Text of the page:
Retiree tribute: Professor John Shelley
THERE’S PROBABLY NO BETTER send-off for a Furman professor heading into retirement than to be presented the Alester G. Furman, Jr., and Janie Earle Furman Award for Meritorious Teaching.
Just ask John Shelley. The religion professor received the teaching award at the 2013 Commencement — fitting recognition for 33 years of exceptional service to the university, and for his continuing ability to connect with undergraduates.
Shelley has influenced countless students, many of whom now teach in colleges and universities around the country. Each year his departmental colleagues have looked forward to his return from the Society of Christian Ethics, when he shares news from a number of Furman ethicists for whom he has been a role model and mentor. His “Faith and Ethics” class has been one of the major’s core courses throughout his years at Furman. And he was the co-founder and first coordinator of the university’s poverty studies program, which has become one of the most popular interdisciplinary minors at Furman — and provided the perfect place for him to merge his passions for teaching and social justice.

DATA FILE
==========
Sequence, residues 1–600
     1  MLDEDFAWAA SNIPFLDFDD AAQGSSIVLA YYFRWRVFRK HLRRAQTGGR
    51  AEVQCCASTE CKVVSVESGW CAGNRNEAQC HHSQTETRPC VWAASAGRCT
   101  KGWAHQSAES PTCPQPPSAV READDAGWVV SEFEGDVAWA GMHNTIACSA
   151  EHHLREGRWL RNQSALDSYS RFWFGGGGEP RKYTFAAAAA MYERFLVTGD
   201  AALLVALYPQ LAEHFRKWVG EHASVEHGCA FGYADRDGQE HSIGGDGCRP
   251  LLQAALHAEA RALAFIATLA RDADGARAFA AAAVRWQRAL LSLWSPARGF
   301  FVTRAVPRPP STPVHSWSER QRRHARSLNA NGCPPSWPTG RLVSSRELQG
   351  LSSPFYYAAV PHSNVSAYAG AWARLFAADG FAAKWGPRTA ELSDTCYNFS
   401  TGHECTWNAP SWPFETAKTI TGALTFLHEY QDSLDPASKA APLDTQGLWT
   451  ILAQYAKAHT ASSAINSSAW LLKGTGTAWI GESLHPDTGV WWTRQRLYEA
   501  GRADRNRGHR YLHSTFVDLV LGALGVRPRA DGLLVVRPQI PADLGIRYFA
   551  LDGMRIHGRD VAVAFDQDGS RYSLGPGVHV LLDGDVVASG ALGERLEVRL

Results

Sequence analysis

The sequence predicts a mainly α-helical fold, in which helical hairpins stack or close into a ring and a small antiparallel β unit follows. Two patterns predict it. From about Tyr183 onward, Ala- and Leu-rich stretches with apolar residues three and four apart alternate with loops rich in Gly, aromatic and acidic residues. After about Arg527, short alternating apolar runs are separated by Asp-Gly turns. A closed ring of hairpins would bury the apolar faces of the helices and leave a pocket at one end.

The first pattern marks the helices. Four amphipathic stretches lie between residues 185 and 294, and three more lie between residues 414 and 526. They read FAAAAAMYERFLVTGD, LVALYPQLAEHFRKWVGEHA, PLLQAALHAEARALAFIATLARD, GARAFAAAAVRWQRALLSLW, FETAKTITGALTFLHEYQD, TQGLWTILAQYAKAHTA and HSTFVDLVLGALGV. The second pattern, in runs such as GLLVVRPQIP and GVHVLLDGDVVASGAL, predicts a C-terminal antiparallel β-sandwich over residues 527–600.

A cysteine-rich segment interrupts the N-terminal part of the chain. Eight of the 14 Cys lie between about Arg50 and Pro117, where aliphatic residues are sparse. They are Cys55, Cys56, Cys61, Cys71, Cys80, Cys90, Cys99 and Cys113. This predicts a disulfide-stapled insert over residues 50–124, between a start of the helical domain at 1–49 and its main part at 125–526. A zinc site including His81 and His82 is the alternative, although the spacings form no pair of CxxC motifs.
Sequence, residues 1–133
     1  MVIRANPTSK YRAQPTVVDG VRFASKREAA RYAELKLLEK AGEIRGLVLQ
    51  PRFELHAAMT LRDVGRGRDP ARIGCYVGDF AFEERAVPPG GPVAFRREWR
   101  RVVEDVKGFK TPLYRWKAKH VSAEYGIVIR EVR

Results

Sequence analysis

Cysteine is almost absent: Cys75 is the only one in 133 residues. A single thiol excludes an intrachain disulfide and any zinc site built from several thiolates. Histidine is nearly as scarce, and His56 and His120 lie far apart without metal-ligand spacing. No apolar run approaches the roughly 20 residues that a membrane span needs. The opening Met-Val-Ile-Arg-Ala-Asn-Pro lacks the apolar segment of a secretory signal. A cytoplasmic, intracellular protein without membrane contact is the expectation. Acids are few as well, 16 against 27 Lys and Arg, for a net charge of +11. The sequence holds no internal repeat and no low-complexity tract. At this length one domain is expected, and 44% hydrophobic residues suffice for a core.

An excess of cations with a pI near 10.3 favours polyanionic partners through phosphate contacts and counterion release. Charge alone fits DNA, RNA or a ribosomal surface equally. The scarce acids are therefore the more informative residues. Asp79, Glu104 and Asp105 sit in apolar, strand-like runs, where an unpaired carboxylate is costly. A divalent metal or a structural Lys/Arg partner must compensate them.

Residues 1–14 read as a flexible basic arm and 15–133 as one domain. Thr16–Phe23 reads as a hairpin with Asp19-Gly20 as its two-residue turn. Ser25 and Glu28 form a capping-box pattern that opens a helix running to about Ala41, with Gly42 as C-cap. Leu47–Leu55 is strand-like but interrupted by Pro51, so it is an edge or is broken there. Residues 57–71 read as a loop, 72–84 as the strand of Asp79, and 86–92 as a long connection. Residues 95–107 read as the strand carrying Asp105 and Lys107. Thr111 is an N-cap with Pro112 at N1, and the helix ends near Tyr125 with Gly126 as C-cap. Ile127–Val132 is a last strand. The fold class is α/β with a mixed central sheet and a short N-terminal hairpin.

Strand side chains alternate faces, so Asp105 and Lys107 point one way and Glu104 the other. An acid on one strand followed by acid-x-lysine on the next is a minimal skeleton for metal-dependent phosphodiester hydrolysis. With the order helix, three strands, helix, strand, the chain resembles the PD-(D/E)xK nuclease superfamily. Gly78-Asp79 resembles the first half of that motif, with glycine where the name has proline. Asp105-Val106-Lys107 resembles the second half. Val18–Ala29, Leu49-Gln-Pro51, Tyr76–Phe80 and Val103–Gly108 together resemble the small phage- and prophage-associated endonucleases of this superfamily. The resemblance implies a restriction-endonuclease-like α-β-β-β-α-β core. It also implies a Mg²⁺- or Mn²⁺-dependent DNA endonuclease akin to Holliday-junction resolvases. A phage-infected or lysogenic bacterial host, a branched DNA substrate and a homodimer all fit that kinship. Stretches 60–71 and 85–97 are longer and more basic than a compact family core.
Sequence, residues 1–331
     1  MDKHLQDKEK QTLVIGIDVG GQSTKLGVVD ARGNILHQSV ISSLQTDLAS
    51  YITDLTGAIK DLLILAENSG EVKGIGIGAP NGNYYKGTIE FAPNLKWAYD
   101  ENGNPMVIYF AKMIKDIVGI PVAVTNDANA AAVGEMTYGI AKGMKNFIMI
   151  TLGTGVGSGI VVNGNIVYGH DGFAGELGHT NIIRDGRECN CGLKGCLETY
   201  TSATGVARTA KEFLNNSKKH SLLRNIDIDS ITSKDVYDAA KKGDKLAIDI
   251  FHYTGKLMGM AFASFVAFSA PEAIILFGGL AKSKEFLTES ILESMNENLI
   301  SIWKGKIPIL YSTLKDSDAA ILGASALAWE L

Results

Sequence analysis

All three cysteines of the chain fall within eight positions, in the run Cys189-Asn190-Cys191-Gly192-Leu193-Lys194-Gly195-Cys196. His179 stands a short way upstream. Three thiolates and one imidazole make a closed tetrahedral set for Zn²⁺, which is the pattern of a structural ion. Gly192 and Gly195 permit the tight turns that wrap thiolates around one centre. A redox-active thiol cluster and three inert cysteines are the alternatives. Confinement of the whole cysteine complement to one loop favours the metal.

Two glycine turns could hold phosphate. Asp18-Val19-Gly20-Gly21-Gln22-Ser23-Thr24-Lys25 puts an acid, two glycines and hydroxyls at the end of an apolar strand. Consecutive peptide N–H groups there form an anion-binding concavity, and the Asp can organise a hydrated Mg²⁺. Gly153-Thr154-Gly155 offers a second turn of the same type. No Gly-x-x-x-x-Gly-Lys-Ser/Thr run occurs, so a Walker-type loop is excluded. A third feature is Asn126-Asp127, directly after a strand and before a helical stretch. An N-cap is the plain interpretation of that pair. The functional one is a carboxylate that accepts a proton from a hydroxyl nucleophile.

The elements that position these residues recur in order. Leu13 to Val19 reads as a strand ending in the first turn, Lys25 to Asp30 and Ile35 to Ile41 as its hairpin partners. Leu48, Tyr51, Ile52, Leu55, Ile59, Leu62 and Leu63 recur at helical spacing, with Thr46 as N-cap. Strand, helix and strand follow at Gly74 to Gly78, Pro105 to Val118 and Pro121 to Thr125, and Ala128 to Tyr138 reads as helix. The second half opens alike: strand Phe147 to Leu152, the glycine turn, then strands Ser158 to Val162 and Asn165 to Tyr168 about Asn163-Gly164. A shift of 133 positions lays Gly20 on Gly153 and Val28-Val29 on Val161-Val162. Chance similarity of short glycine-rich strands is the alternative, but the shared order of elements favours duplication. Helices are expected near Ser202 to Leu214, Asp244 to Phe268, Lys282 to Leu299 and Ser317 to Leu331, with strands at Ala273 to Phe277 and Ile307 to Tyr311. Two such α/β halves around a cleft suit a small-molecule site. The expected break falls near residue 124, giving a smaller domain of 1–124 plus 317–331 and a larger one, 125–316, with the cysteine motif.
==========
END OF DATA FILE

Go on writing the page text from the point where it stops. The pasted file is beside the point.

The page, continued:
Ten years ago Shelley, author of numerous scholarly articles, penned one of the best-received stories this magazine has printed. “The Gezork Incident,” from the Spring 2003 issue, described the politics surrounding the dismissal of religion professor Herbert Gezork in the 1930s and revealed how the controversy ensured that academic freedom would be protected at Furman. It prompted tremendous response from readers and helped inspire one of Gezork’s former students to endow a lectureship in theology and philosophy at the university.
All of this from an honors graduate of the electrical engineering program at Clemson University whose skills were so valued that he was courted by the likes of Stanford and MIT for graduate study, and was offered jobs by IBM and Bell Laboratories. Instead he entered Southern Baptist Theological Seminary, where he earned a Master of Divinity degree and studied under Edgar McKnight, later a colleague at Furman. He went on to complete a doctorate at Vanderbilt, focusing on theology and ethics.
He made his way in 1980 to Furman, where he served as a model of integrity, compassion and teaching excellence.